Netflix used its Q4 2018 earnings report Thursday to give us a rare update on some of its audience numbers: The company estimates that its horror-thriller “Bird Box” will be viewed by over 80 million member households in the first four weeks following its release.
“We are seeing high repeat viewing,” company executives wrote in their letter to shareholders. “Bird Box” was first released on Netflix on Dec. 21, which means that the four-week mark is coming up this weekend.
The streaming giant long resisted the industry practice of releasing ratings for its movies and TV shows, but the company recently began to selectively highlight some success stories. In late December, Netflix claimed that over 45 million accounts had already watched “Bird Box” within the first few days after its release — a claim that was later backed up by Nielsen’s own audience measurement numbers.
The company used Thursday’s earnings report to selectively release a few other highlights as well. “Elite,” one of the company’s Spanish original shows, has been viewed by more than 20 million member households during the four weeks following its release; the stalker drama “You” is on track to attract 40 million viewers within four weeks; and “Sex Education,” which debuted on Netflix a week ago, is also expected to top 40 million viewers within four weeks.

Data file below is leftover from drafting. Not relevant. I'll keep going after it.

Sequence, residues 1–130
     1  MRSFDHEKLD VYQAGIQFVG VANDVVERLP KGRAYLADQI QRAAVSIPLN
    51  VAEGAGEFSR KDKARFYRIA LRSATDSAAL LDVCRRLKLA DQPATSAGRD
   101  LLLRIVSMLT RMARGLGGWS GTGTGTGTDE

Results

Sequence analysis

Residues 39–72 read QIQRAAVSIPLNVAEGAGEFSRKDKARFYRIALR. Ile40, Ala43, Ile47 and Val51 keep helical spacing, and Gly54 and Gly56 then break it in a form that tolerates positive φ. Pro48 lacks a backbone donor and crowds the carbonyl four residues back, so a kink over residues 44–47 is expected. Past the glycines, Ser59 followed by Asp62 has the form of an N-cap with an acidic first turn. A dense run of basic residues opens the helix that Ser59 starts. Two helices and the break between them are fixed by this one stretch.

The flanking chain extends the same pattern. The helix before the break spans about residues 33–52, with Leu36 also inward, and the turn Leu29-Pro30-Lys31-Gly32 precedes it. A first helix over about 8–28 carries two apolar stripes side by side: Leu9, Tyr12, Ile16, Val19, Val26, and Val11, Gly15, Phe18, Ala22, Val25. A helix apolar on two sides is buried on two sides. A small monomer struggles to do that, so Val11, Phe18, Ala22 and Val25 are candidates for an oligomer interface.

The streaming service also called out a number of additional titles from around the globe for their success on the service: “Bodyguard,” which it co-produced with the BBC; the Italian series “Baby”; and the company’s first Turkish original “The Protector” all attracted more than 10 million viewers during their first four weeks on the service. “Great stories transcend borders,” company executives said in their letter to investors.
Netflix also shared some insights on how it arrived at these metrics: It only counts viewers if they at least finish 70% of an episode of a TV show or a movie, respectively. And the company added another new data point, claiming that it is now responsible for about 10% of all TV hours in the U.S. — a number that it apparently arrived at with some back-of-the-envelope math:
These metrics were clearly meant to assure investors that Netflix’s originals strategy is working. “As a result of our success with original content, we’re becoming less focused on 2nd run programming,” company executives said in their letter to investors. “We are ready to pay top-of-market prices for second run content when the studios, networks and producers are willing to sell, but we are also prepared to keep our members ecstatic with our incredible original content if others choose to retain their content for their own services.”
In other words: Netflix is releasing these metrics as a way to show the world that it doesn’t need content from Disney, NBC, and others just as those companies get ready to launch their own streaming services.